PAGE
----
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Listening and Growing in Partnership


Tēnā koutou te kāhui ā te Atua,
Greetings to all God’s people.
 
Kāhore he Hūrai, kāhore he Kariki, kāhore he pononga, kāhore he rangatira, kāhore he tane, wahine rānei; he tangata kotahi tonu hoki koutou katoa i roto i a Karaiti Īhu.
There is neither Jew nor Gentile, neither slave nor free, nor is there male and female, for you are all one in Christ Jesus. (Galatians 3:28)
 
This Sunday marks Te Pouhere in the Anglican church calendar, which celebrates our life as a three Tikanga Church in Aotearoa, New Zealand and Polynesia.
 
What is Te Pouhere and Why Was it Formed?

What is the meaning of Te Pouhere? The Māori word ‘Pou’ is translated 'post' and the Māori word 'here’ is translated ‘bind’.
 
Te Pouhere is a revised constitution established in 1992, which provides an opportunity for each of the three partners to express their tikanga - their way, style, or cultural model. 

These three partners are Tikanga Māori, Tikanga Pākehā and Tikanga Pasefika. They are to express their minds as equal partners in the decision-making process of the General Synod and to exercise mission and ministry to God’s people within the culture of each partner.

For Māori, the 1857 constitution and the 1992 revised constitution has not been truly honoured in terms of partnership and resource sharing. However, in recent times we have seen that there have been some promising steps that we are working towards in achieving an equal partnership.
 
Below are some examples of the turning of the tide.

Te Pouhere in Te Takiwā o Manukau
Mission and Ministry Continues Under Lockdown
 
The Māori ministry team has been blessed to continue proclaiming the Gospel throughout this period of lockdown in New Zealand through the use of live-streaming networks and media platforms. From the 24th of May 2020, Howard Karaka - fellow Evangelist to Māori with NZCMS - along with Archdeacon Lyndon Drake and myself (Keri-Ann Hokianga), have started offering a weekly 30-minute worship service called "Karakia Rātapu" onto Radio Waatea here in Auckland.
 
We collaborate with our Pākehā brothers from the Christian Broadcasting Association who use their resources to pre-record the service for us. They have also created a podcast for the service and we are so blessed that they’re using their gifts to help us proclaim the word of God in our context. We are receiving communication from some un-churched people who are now subscribing to our podcast and letting us know that they will be listening every Sunday. Praise be to God!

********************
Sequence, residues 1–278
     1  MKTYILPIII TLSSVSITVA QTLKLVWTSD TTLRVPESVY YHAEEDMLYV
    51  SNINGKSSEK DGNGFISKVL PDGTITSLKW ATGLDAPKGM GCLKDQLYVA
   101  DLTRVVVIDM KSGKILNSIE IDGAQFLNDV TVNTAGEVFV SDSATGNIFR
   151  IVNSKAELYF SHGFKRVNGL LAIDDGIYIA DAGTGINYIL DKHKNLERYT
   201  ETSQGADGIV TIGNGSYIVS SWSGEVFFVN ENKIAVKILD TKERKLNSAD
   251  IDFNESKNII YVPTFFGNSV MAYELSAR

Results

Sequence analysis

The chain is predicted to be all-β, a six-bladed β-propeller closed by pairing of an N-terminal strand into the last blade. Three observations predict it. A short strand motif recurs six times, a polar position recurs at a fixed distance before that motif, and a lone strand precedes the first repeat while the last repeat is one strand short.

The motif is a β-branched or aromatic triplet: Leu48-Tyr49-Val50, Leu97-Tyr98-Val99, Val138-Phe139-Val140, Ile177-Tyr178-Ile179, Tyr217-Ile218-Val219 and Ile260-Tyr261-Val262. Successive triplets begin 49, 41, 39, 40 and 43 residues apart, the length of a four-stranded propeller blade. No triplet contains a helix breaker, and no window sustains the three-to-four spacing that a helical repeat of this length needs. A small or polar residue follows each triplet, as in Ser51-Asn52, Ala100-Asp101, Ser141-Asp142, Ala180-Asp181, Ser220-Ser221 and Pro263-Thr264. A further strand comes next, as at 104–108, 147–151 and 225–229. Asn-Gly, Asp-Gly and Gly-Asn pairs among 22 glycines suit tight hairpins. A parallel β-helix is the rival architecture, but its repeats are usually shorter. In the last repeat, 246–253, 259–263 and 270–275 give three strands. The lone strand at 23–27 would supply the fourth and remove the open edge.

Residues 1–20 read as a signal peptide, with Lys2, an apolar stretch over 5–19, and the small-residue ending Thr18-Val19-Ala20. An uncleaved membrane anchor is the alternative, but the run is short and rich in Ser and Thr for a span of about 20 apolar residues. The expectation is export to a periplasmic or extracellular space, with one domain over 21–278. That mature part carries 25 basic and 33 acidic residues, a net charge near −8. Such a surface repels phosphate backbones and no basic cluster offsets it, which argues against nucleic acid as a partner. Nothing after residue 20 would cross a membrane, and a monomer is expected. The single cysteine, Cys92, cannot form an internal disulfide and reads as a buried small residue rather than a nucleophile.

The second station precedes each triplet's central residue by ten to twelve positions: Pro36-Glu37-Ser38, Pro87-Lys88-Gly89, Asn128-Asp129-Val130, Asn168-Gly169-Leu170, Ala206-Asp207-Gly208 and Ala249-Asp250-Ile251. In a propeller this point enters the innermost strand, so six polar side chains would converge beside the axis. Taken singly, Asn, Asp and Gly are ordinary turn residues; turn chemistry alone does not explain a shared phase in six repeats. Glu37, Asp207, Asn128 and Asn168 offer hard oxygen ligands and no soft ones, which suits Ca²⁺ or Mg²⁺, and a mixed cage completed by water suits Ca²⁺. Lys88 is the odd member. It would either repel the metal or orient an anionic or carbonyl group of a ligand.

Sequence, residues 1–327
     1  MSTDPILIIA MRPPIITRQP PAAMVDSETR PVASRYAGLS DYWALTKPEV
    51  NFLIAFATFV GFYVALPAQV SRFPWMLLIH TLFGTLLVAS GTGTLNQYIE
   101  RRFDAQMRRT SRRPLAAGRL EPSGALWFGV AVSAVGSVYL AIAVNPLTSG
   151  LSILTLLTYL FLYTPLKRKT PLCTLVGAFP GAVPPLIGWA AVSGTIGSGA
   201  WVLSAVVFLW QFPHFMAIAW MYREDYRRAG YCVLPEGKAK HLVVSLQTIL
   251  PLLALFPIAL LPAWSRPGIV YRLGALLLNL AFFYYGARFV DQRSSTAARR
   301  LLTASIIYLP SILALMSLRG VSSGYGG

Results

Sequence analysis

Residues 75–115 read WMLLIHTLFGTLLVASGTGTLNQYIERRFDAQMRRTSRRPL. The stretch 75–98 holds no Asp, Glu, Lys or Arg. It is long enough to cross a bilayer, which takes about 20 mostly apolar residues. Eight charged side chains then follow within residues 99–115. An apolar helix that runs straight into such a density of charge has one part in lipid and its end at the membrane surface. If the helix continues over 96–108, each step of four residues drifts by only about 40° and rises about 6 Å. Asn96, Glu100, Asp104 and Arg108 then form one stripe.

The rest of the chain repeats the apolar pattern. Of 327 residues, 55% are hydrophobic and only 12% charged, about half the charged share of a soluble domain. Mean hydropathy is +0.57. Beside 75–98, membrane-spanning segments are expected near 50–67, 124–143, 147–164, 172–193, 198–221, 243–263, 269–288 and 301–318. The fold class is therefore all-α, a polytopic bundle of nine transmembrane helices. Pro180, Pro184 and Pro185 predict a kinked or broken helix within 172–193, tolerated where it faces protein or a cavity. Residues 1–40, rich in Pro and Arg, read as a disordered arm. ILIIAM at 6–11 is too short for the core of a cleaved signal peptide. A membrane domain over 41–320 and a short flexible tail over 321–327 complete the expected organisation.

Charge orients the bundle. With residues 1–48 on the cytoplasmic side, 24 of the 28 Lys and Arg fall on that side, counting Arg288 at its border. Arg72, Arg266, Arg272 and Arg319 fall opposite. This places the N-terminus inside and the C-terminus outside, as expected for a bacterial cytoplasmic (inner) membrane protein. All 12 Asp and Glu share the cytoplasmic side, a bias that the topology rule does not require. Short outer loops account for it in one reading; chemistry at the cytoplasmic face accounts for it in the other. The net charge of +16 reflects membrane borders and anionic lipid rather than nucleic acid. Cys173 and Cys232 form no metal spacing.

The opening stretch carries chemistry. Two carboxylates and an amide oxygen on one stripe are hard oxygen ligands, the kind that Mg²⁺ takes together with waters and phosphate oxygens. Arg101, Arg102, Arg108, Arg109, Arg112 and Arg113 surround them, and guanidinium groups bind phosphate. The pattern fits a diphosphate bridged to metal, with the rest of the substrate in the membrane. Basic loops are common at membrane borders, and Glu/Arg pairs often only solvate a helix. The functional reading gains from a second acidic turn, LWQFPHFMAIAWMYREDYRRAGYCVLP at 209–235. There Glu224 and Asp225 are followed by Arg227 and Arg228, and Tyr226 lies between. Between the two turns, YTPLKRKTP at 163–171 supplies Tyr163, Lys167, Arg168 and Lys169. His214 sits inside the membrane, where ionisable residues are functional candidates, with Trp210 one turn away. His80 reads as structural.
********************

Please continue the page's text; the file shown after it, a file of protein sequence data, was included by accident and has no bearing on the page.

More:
This has been made possible by the grace of God through Te Rangapū (Partnership) between Te Takiwā o Manukau, the Christian Broadcasting Association, and Radio Waatea.



Te Pouhere in the Context of Māori Evangelism

The roots of the Gospel being shared in Aotearoa began through friendship and partnership. At Oihi Bay on Christmas Day in 1814, Reverend Samuel Marsden from CMS preached from Luke 2:10, with Ngā Puhi chief Ruatara translated into Te Reo Māori. This partnership to preach the Gospel message began a journey of many Māori being converted to Christianity and this continued to grow as Māori became pivotal evangelists to their own people.
 
The pattern of this partnership between Rev. Samuel Marsden and Chief Ruatara to effectively spread the Good News of Jesus Christ here in Aotearoa is still being realised today. Praise God that I am one of two Māori Evangelists to partner with NZCMS in 2020, proclaiming the Gospel to our nation.
 
God is doing a powerful and wonderful thing and we are so excited to be part of His plan as we work together. 

Keri-Ann is one of NZCMS' Mission Partners evangelising to Maori. Click the photo of Keri-Ann below to learn more about her life and ministry.




Keri-Ann Hokianga, NZCMS Maori Evangelist